I am a Brooklyn-based writer, and a graduate student at The New School for Social Research. My academic work explores the cross-section of the social sciences and narrative nonfiction writing; an area where I believe much quality journalism lies.
Currently my research and writing is focused on cr...
The Justice Department’s 2015 report examining police practices in Ferguson, Missouri, revealed the ways that the local government’s dependency on money from court fines and fees turned law-enforcement officials into de facto tax collectors and citizens into deliberate sources of revenue for the city. But while Ferguson put this practice on the map, it’s hardly isolated there.
NORRISTOWN, Pa.—Things were not looking up for Saabir Lewis last August. The 21-year-old faced up to 20 years in prison on charges including assault, trespassing on school property, and armed robbery stemming from incidents in 2015 and 2016. Though no one was badly hurt, the offenses were serious.
The question of whether armed citizens deter violent crime or exacerbate it has been controversial in academia since at least the mid-1990s—not to mention the debate it continues to fuel in American politics. Conflicting studies have informed polarized lawmakers in the parallel battles over gun regulation. The case for less restrictive gun laws generally boils down to this: Law-abiding citizens have a right to protect themselves and their communities, full stop.
Muck Rack makes it simple to find people, tweets, or articles that mention any name, keyword, company, hashtag etc. We've compiled this guide to help you make the most of your search.
Selecting a term
Start searching tweets, articles from media outlets, articles mentioned in tweets, journalists'
names, titles and bios with some suggested searches:
Companies or Topics (e.g. iPhone, Microsoft)
Phrases (e.g. "cloud computing") — use quotes to keep the terms together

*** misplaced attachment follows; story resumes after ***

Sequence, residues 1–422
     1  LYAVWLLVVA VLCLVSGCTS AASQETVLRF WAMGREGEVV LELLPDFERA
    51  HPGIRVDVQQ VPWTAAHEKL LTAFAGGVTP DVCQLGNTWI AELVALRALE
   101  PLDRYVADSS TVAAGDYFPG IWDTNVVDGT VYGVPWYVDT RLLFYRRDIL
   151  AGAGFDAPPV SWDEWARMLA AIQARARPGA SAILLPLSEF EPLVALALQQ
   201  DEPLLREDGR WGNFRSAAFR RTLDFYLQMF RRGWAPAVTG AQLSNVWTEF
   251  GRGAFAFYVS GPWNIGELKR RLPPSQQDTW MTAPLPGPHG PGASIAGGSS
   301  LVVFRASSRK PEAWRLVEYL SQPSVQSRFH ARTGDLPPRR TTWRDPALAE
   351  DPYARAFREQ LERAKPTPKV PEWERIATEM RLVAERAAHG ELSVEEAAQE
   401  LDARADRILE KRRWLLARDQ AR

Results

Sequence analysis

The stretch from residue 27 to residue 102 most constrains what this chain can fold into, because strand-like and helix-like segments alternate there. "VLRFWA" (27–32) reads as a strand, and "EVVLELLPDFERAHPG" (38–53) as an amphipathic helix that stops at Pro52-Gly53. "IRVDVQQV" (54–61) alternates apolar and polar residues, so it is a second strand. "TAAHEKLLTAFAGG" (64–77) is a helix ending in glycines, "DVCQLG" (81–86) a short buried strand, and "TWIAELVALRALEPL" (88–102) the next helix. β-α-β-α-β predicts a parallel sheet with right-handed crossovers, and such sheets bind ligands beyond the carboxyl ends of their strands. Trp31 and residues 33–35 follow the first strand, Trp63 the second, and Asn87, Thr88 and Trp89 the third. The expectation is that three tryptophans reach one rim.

Twitter handles (e.g. @username) — returns those who have mentioned or replied to
Names (e.g. "David Pogue")
Hashtags (e.g. #sxsw, #london2012)
Bio details (e.g. vegan, Olympics, father)
Muck Rack's Advanced Search allows for many boolean operators.
Find results that mention multiple specified terms, use AND or
+. For example, ensure each result contains both Elon Musk and Mark Zuckerberg by
searching Obama AND Romney or Obama + Romney.
Use the operators OR or , to broaden your search when you'd like either of
multiple terms to appear in results. (This is the default behavior of our search when no operators
are used.) For example, search for democrat OR republican to find results that refer to
Democrats and/or Republicans.
Use NOT or - to subtract results from your search. For
example, searching Disney will yield results about the Walt Disney Company as well as Walt Disney
World Resort. To exclude mentions of Disney World, search for Disney -World or Disney
When using one of these operators with a phrase, enclose it in quotation marks. For example, you can
find results about smartphones excluding Apple's iPhone 4S by searching smartphone -"iPhone
Exact case matching or punctuation
If you're searching for a brand name or keyword that relies on specific punctuation marks or capitalization, you can
find results that match your exact query by adding matchcase: before the keyword you're searching for, like matchcase:E*TRADE .
Use parentheses to separate multiple
boolean phrases. For example, to find journalists talking about having fun in Disney World or
Disneyland, search for ("disney world" OR disneyland) AND fun.
An asterisk can be used to search for any variation of a root word truncated by the asterisk. For example, searching for admin* will return results for administrator, administration, administer, administered, etc.
A near operator is an AND operator where you can control the distance between the words. You can vary the distance the near operation uses by adding a forward slash and number (between 0-99) such as strawberries NEAR/10 "whipped cream", which means the strawberries must exist within 10 words of "whipped cream".